Have you ever heard of a speakeasy? Speakeasies are hidden bars that get their clientele only through word-of-mouth. Back in the 1920s, bars were prohibited from operating in the United States, which gave birth to speakeasies — illegal drinking houses that had to keep a low profile.
Many bars in Singapore are well known for their exclusive drinks and luxury experience. However, there are more understated bars in Singapore than you would think! These bars, though understated, each add their own distinctive touch to the local cocktail scene.
These 12 bars in Singapore are definitely worth visiting, from their distinct concepts to their remarkable selection of beverages.
(Image courtesy of worldsbestbars.com)
Tippling Club keeps its customers coming back with its ever-changing menu, all featuring drinks that never disappoint. Their bartenders certainly know how to mix it up! However, the most interesting thing about this bar isn’t just their beverage menu.
With cocktail-flavoured gummy bears that customers can try beforehand, it is impossible to order a drink that does not suit your palate in Tippling Club! Though these gummy bars manage to capture the taste of each cocktail perfectly, they are non-alcoholic. Try it for yourself — then pick the drink that you think you’d like best!
Address: 38 Tg Pagar Rd, Singapore 088461
Cellarbration Bundle Deals
Like it or not, the recent “Heightened Phase 3” period has made us all a little more acquainted with ourselves. At the beginning of this period, we found ourselves bingeing TV series and movies on our to-watch list, doing some much-needed spring cleaning, and realising banana cake recipes we saw on Facebook and Instagram.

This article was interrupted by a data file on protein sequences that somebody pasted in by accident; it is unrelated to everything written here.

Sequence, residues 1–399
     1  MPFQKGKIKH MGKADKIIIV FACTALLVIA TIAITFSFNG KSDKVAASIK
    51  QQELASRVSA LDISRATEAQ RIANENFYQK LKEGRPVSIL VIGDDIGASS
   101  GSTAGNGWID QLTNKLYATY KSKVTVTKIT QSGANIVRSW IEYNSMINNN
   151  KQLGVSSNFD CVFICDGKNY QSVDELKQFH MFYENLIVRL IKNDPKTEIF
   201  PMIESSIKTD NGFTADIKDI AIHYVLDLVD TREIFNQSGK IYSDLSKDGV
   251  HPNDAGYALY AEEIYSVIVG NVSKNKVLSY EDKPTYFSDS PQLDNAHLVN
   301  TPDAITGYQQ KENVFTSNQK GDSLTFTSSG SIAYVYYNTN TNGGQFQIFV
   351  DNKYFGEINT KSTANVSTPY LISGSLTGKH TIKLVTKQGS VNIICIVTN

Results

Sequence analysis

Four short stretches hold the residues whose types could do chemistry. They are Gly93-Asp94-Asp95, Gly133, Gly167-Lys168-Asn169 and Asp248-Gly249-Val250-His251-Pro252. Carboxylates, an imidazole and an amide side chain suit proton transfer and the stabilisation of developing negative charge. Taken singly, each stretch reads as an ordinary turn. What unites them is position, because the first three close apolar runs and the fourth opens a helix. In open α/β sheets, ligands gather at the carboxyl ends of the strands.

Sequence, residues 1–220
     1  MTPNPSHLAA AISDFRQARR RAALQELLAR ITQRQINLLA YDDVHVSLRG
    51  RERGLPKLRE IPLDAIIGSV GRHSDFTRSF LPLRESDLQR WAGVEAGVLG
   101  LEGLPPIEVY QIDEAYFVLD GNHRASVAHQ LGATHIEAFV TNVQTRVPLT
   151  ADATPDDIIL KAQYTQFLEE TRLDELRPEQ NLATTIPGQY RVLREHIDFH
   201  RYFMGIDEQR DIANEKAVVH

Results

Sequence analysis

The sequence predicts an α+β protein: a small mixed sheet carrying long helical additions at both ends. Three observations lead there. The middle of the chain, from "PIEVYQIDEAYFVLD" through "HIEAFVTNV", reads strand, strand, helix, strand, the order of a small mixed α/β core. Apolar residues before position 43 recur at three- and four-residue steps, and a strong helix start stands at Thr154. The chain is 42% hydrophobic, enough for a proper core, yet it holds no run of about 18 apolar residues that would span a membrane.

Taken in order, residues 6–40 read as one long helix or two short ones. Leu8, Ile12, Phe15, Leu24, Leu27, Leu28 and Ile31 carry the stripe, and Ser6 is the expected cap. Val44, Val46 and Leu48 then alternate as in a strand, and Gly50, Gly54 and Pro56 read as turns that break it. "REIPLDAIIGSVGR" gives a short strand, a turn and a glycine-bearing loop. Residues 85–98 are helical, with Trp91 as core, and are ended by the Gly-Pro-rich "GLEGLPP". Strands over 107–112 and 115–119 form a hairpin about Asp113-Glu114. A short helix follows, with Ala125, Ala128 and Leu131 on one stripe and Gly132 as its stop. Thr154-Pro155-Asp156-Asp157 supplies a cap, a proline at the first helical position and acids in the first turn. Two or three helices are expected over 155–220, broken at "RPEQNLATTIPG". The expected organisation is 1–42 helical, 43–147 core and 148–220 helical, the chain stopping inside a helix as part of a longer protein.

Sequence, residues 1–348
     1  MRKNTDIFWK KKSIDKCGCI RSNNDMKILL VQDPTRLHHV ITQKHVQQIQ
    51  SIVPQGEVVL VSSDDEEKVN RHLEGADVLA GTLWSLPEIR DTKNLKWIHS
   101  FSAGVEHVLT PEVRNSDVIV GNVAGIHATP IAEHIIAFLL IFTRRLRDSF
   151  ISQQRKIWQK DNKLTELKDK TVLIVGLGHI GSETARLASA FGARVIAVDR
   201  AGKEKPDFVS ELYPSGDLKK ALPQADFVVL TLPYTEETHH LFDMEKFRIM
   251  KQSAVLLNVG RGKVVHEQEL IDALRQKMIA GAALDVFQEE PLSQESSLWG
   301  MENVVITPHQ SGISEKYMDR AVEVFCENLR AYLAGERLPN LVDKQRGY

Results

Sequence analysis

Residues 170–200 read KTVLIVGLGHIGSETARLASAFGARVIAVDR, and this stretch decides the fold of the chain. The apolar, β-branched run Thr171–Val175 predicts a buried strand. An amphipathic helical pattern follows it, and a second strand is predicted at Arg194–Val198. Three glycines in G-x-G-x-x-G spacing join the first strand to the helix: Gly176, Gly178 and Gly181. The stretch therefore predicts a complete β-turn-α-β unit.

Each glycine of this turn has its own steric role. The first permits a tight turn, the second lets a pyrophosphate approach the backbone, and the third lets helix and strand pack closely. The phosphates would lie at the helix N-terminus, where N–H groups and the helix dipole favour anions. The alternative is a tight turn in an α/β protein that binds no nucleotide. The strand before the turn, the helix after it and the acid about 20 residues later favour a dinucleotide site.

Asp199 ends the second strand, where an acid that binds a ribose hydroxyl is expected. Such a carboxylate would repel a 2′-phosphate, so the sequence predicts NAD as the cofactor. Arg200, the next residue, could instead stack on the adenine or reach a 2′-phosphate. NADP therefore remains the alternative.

However, as the weeks passed and our to-do list started emptying, we began to explore the realm of day-drinking; a few sips of soju while watching The Girl From Nowhere, or a glass of wine while preparing lunch never hurt anybody after all, right? You began to understand the allure of drinking at home; you were drinking more, but yet somehow seemed to spend less than when you were drinking out.
What if I told you that you could make even greater savings on top of what you’ve already saved by staying home (and staying safe)?
Well, here at Cellarbration, maximising your enjoyment at a minimal price point is our mission. If you’re an ardent follower of our Facebook pages and recent promotions, you’ve probably noticed a rise in the number of bundles that we’ve been pushing across. We understand that this may be slightly confusing to the newbie buyer -- especially considering the wide variety of bundles Cellarbration now offers. No worries, we’ve taken the liberty to highlight some of our favourite deals for you!
$68 for 700ML Tanqueray Rangpur & 4 x 200ML Fever Tree Indian Tonic
“Cheers” is likely the most common phrase we toast with. Did you know, the culture of toasting comes from Roman origins; where the host would often pour himself a drink from a shared pitcher of wine to show that the wine wasn’t poisoned, before toasting his guests and asking them to join him.
The toast has since evolved and bled into many cultures. Here are some ways to toast in different languages!
Spanish: Salud (sa-lood)